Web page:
The future is mobile!
This was the message last Wednesday from Google chairman Eric Schmidt as he took to the stage at the Magazine Publishers Association conference flanked by Wired editor-in-chief Scott Dadich. This may not exactly be news to a lot of us but when the subject in hand is magazines, how they fit into the digital structure and the environment in which the subject is being aired is taken into account, you tend to take notice.The print v digital debate has been raging for some time now with different parties firmly ensconced in both camps for varying reasons, some even have a have a foot in both camps such is the pull between both parties. What isn’t in doubt is we have been witnessing a shift in attitudes and habit amongst consumers for some time, the introduction and rise of smartphone and tablets has only accentuated this shift in consumer opinion and trends.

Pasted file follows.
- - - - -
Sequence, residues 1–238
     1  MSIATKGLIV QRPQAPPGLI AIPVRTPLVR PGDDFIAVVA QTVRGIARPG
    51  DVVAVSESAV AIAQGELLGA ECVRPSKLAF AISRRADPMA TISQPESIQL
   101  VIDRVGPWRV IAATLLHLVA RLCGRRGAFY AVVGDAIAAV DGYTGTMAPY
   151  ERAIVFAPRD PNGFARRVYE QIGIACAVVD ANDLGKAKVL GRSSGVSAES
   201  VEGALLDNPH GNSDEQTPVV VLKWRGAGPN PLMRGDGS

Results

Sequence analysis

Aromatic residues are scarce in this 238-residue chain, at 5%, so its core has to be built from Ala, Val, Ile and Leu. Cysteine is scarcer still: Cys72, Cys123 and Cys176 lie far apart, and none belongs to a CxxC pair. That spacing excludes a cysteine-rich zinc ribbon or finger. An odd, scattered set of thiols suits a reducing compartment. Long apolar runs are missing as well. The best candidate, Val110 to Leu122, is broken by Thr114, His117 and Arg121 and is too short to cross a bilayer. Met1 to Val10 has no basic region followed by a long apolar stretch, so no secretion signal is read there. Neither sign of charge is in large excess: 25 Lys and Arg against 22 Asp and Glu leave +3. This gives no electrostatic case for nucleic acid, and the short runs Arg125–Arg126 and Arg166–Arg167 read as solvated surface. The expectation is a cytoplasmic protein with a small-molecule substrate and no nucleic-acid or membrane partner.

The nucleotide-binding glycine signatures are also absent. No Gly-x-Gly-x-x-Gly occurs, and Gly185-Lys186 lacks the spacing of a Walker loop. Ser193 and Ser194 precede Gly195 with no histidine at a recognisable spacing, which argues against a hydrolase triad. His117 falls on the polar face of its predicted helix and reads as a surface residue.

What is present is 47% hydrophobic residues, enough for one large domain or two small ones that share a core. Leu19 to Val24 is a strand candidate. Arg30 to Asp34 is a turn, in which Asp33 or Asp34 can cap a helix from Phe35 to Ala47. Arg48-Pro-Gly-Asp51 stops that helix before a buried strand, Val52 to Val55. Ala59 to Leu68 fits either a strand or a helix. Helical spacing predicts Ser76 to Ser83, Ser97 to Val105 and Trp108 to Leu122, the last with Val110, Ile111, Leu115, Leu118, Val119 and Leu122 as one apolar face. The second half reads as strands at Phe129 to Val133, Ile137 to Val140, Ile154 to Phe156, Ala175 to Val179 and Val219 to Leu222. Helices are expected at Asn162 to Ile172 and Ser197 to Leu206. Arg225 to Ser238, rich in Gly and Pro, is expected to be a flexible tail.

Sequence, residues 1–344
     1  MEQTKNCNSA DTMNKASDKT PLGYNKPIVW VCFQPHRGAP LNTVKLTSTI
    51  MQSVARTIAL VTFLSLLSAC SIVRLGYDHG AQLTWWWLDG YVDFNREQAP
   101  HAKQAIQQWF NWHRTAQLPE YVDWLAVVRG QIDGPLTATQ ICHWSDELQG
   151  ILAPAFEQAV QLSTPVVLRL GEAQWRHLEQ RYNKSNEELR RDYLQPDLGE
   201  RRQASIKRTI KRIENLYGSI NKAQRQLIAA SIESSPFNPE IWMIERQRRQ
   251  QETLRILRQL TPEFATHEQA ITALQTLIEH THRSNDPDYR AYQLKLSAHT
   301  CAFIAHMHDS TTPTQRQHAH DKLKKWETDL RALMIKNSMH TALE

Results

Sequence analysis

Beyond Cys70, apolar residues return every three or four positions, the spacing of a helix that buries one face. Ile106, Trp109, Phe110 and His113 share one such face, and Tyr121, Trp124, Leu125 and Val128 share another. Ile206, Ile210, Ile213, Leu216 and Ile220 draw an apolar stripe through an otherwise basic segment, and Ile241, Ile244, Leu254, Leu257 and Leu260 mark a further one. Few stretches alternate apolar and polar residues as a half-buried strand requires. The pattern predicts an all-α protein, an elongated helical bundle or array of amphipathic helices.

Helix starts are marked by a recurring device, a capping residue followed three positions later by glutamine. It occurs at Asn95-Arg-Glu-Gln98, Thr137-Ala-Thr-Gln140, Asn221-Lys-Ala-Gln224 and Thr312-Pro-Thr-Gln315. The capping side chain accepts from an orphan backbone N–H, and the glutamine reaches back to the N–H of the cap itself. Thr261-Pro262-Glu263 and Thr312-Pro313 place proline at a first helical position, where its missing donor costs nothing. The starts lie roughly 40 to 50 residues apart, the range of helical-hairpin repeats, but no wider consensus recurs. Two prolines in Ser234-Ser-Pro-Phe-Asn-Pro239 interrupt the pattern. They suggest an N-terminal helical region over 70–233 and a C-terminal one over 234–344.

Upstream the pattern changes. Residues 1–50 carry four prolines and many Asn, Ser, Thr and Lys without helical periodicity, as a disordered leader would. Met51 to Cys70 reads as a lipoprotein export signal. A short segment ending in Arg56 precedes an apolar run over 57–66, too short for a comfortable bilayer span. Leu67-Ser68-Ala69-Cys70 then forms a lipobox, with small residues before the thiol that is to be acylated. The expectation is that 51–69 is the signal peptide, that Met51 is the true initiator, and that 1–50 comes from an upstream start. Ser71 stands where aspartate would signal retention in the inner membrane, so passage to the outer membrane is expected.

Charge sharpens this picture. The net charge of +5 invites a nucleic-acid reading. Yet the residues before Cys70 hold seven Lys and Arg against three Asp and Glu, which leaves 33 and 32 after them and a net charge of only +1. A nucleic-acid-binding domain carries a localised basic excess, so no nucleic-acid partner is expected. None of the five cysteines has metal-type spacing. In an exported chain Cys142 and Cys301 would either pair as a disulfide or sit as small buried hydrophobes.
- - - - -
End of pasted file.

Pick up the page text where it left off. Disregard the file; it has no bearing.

Print v digital the figures
The first newspapers and magazines have been around since the early 17th century, their popularity propelled by the invention of the movable type printing press by Johannes Gutenberg in the 15th century. While Bibles and other books were among the first things produced by Gutenberg’s press, it wasn’t until the 17th century that the first newspapers were distributed in Europe. In the earliest days of newspapers, they were handwritten and thus did not enjoy widespread circulation. Literacy was also rare, so the earliest examples of news writings were almost certainly the purview of the upper classes and those who served them in an intellectual capacity. Newspapers would gradually become a staple of everyday life, so much so that they dominated our as our portal for access to information for centuries to come. Print first started to show a decline with the advent of first radio and then television, people no longer had to rely on newspapers are their only source of information, the introduction of the internet has hastened this process to an alarming level.